Monday, February 25, 2013

Appointment Fatigue

As a healthcare professional, when we meet with someone and it looks like the person could benefit from our services, we schedule them in for future appointments (often weekly). It seems fairly simple.

It never occurred to me to ask if the person actually had time in their lives to fit me in. I never asked what activities they would have to miss out on in order to meet with me. I had the arrogance to believe that meeting with me would automatically be more beneficial to the person than whatever else the person would be doing.

I am starting to question this. I am not questioning the effectiveness of therapy, but rather the lack of consideration of what it means for a person to have to attend regular appointments.

I had one client who was involved with several different services. Some were voluntary, and other were not, due to her history. She often had six or more appointments per week. Between dropping off and picking up her son from daycare, and all her appointments, she had very little time for anything else. Often, she was assigned tasks to complete between appointments as well, and frequently wondered when she was supposed to be following through with them.

Let's think about how much time one appointment really takes. If it is at an office, there is transportation involved. If you are driving, probably at least a half hour each way. If you are busing, probably an hour each way. Then there is time needed to find and walk from parking, and allowing a little extra time so that you are not late. Even if the appointment is in a person's home, there is time needed to tidy up the house.

Let's hope you do not have to wait to be seen. Then there is the time of the actual appointment. I always booked 1-1.5 hours for each client.

Wow - now one appointment has cost the client between 2.5 and almost 4 hours! That is a whole part of a day gone. Either the morning, afternoon, or evening is basically completely gone. If the client is part of a family, you have just disrupted the whole family's plans and routines for a whole part of a day.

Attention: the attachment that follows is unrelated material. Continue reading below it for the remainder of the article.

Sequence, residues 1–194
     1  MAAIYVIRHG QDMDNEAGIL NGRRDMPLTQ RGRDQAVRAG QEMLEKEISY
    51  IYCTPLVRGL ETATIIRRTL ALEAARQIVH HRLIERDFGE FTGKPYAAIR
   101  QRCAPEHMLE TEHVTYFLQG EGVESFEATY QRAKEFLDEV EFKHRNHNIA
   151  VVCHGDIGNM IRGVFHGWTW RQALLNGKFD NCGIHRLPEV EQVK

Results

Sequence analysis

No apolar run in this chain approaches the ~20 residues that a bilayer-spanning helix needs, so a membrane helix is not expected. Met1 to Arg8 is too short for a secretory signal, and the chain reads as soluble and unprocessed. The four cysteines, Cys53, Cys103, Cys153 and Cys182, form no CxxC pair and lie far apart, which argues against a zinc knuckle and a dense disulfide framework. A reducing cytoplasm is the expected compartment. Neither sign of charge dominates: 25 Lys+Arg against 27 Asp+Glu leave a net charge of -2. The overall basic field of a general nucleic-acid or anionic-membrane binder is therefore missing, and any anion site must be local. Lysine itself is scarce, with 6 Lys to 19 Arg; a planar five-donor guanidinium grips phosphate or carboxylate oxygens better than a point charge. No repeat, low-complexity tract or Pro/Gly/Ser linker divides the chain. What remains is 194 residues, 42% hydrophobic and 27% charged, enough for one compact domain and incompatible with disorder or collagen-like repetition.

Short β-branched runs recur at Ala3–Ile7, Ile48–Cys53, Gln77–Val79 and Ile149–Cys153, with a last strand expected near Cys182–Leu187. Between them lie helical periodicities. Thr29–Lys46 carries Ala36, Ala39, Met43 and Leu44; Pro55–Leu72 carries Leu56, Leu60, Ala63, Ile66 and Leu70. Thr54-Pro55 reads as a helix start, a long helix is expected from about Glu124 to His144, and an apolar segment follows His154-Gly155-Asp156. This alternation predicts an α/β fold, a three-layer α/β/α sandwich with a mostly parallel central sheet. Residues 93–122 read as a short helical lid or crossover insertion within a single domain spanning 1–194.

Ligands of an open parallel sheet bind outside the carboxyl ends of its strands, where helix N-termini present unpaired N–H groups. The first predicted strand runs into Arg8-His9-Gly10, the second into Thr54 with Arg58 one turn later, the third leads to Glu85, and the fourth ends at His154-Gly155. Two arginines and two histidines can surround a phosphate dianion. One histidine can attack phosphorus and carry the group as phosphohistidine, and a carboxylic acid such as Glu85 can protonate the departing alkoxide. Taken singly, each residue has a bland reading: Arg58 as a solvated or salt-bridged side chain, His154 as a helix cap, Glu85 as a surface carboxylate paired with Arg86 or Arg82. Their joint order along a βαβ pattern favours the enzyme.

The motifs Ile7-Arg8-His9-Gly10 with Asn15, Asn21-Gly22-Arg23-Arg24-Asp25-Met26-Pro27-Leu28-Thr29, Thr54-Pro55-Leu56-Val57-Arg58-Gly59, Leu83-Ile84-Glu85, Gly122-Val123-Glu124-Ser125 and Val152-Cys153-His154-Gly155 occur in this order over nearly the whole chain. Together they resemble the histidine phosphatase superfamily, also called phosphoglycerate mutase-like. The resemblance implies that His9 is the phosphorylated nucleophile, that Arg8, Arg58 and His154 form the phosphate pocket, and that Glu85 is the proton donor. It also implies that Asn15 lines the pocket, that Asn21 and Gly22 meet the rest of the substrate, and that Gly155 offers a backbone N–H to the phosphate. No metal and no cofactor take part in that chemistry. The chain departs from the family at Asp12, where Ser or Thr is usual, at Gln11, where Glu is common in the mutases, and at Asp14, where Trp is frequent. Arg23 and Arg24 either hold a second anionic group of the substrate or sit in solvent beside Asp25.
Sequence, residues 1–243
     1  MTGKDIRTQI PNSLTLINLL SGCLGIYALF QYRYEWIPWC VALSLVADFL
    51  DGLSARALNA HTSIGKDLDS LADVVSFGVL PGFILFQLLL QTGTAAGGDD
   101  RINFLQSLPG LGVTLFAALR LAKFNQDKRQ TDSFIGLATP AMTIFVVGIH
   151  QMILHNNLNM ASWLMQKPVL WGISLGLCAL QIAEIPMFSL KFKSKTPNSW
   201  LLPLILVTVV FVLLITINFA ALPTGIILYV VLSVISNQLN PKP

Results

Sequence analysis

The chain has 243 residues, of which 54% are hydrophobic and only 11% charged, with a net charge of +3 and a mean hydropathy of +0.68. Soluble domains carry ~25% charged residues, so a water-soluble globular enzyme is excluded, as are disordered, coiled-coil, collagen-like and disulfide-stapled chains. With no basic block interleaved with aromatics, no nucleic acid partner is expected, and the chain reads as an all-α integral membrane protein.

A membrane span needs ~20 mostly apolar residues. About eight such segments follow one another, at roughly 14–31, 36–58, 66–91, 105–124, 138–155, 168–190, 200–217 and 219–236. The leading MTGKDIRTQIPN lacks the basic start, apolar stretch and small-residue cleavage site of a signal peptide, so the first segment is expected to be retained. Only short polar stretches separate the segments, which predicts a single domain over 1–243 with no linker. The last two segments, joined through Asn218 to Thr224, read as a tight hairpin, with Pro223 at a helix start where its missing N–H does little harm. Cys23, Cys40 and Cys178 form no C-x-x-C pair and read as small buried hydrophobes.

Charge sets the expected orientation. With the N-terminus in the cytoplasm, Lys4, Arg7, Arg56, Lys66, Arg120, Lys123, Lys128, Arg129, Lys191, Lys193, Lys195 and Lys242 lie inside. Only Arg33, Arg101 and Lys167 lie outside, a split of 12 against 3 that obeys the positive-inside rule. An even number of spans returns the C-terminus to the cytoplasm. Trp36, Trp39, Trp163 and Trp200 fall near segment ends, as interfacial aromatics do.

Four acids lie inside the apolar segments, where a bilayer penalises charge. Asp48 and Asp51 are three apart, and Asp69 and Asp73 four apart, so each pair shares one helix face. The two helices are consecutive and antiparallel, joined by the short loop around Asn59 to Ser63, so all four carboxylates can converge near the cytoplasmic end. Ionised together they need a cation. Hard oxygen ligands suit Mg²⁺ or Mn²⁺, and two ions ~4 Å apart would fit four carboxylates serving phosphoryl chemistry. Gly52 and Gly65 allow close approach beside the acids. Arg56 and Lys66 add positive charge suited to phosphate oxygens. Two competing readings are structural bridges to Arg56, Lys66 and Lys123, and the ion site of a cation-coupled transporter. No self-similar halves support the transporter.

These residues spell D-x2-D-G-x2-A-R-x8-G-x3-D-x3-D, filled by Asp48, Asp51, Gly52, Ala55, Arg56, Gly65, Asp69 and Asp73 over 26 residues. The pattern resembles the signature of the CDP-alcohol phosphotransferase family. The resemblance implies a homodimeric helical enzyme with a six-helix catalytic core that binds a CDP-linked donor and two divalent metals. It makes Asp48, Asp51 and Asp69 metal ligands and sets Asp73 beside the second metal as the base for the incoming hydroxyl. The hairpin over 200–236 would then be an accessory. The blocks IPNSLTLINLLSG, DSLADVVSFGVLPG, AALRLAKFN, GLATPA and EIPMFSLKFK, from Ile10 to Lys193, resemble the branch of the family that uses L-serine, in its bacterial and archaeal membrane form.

Now, if the person was just going to be sitting around watching TV and feeling lonely, this is not a bad thing.

With the client I mentioned earlier, even though I thought OT would be beneficial for her, I ended up decreasing the frequency of my visits because I believed the stress of having so many appointments was negating the benefits.

I also see many stressed families who have little ones that have a lot of appointments. Parents are stressed because they have to take so much time off work. Evening appointments mean that the family does not get to sit and eat together, the child does not get exercise or outdoor time, and societal socialization is not happening. The therapy that is happening during the appointment better be worth it.

When one of my family members has an appointment, it is a big deal for us to try to fit it in. I guess we just need to keep it in mind when working with others.

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